Hitting the High Notes at SMF Part 3: World Premiere



Editor's Note: This is the third in a three-part series on the Sarasota Music Festival.

This Saturday, spectators will take their seats at the Sarasota Opera House to witness the grand finale of the Sarasota Music Festival: the world premiere of Luminous Bodies, composed by Robert Sirota at the special request of the festival, to be performed by SMF artistic director Jeffrey Kahane and yMusic, an ensemble of six New York instrumentalists, returning to the festival after a celebrated debut last year. After three full weeks of performances, the festival culminates with this never-before-heard piece by a world-renowned composer.

Sirota worked on Luminous Bodies for five months, but he came up with the title first. In this case, the astrophysical term used to describe heavenly bodies that emit their own light, like stars, represents not only the seven musicians who will perform the piece, “who also have a kind of inner light," but also a set of composers that have inspired Sirota in his own life, emitting light in their own way: George Gershwin, Aaron Copland, Lili Boulanger, Fanny Mendelssohn and Leonard Bernstein. Each of the five movements bear a composer’s first name. “I try to weave something about their music into my own music,” he says. “So the piece is a kind of big tapestry of dedication to artists and composers.”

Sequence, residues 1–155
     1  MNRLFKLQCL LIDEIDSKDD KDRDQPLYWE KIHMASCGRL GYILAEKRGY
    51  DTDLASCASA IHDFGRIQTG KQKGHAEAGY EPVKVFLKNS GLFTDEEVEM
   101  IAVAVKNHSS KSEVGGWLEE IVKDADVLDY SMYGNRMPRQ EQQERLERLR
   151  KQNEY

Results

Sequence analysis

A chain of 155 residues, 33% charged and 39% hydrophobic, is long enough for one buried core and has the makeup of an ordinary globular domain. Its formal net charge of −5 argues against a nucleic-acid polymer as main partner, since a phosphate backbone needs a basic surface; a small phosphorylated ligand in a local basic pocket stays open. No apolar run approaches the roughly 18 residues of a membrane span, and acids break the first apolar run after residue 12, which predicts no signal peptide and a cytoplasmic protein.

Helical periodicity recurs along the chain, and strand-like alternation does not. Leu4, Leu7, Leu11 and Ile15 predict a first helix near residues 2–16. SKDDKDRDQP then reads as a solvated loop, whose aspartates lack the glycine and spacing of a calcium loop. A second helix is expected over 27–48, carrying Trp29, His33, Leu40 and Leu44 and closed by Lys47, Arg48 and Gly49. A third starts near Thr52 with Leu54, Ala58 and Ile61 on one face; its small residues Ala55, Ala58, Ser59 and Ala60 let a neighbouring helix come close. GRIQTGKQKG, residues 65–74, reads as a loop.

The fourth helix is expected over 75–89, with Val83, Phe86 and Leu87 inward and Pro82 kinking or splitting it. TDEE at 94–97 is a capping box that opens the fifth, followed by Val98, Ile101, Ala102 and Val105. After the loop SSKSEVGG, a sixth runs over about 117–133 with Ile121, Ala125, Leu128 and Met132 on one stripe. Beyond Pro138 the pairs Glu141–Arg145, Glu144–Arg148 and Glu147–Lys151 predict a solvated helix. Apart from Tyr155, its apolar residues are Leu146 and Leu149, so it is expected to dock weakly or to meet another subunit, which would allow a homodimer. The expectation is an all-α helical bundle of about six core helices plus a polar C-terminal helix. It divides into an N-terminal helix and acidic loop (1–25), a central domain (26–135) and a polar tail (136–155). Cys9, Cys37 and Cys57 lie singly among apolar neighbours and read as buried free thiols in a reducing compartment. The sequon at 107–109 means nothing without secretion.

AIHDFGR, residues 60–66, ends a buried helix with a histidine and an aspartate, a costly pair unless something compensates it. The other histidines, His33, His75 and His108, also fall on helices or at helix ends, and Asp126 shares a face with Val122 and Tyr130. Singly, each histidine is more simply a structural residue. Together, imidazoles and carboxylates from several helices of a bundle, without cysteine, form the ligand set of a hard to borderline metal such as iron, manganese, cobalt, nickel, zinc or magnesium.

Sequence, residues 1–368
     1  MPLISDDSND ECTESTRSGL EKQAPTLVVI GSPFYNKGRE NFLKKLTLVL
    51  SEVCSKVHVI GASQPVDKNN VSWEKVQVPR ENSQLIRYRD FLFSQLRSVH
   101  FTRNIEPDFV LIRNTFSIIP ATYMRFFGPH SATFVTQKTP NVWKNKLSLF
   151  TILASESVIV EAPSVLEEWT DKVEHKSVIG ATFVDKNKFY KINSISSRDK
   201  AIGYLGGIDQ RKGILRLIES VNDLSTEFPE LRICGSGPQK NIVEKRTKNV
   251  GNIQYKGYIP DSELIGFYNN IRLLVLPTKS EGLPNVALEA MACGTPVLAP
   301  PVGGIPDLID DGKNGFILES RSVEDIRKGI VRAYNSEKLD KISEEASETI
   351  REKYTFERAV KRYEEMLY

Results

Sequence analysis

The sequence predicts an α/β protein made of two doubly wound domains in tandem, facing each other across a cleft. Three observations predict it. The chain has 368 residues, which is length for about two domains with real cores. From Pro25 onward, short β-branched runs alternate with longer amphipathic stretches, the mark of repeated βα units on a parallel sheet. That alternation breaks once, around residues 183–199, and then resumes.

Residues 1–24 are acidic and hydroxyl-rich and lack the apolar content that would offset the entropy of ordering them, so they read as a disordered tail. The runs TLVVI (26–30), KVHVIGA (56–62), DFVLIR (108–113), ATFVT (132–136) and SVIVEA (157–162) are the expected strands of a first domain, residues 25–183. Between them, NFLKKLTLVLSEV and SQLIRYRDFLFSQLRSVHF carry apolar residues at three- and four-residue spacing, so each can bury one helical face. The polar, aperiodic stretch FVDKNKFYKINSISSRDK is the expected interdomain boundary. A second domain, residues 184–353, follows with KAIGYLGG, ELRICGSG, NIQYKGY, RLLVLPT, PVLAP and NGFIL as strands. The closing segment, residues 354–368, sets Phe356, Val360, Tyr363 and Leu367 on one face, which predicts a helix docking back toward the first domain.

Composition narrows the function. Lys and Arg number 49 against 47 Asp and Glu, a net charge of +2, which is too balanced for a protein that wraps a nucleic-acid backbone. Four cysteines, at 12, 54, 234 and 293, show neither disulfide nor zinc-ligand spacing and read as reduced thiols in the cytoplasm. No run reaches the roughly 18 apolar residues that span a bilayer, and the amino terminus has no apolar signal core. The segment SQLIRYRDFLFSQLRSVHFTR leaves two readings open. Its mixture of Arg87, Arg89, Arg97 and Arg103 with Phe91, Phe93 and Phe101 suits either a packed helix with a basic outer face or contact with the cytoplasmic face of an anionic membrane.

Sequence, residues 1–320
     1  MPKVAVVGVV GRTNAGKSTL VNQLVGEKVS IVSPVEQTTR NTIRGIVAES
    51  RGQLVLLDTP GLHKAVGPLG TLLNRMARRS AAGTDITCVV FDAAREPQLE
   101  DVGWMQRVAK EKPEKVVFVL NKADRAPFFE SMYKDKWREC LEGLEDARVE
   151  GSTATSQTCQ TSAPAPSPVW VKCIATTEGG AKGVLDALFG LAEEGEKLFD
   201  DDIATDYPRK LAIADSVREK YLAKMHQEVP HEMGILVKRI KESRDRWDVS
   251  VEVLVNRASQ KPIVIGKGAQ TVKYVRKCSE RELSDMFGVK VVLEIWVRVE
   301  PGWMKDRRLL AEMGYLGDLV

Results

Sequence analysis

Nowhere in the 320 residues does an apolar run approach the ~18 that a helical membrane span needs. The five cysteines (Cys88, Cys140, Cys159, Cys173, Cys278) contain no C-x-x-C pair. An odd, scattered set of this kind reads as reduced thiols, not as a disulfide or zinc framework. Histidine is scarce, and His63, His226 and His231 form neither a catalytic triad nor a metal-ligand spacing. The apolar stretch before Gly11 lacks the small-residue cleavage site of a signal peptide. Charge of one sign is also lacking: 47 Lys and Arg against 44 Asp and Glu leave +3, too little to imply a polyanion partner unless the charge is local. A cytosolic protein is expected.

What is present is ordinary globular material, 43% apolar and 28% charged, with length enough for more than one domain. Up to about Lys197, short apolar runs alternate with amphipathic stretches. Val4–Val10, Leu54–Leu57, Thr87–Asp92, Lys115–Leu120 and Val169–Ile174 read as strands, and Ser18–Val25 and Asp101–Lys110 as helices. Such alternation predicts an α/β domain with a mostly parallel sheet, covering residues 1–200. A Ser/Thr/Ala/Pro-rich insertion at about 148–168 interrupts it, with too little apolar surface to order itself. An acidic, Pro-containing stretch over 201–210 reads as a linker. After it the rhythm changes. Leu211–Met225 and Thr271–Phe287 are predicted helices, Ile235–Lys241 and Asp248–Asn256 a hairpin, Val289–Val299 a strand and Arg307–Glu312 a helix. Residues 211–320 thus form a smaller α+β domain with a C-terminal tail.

Sirota hopes Luminous Bodies will showcase the talent and range of the seven musicians for whom it was written—including his daughter, who plays the viola with yMusic. “I like a challenge,” Sirota says. “And if people of the caliber of Jeffrey Kahane ask you to write a big piece for them, and you're not motivated by that to do something as brilliantly as you can, then you're probably in the wrong business.”

Sirota doesn’t try to tell an audience what they’re supposed to feel or how they’re supposed to respond. Mostly, he is interested in the conversation between himself and the five composers he dedicated his piece to, and, only by extension, the conversation between his piece and the audience. “It'll be different for different people,” he says. “But I think any work of art that can't be experienced in a number of different ways is not a particularly strong work of art.”

Pictured: Composer Robert Sirota. Photo by Brian Hatton.

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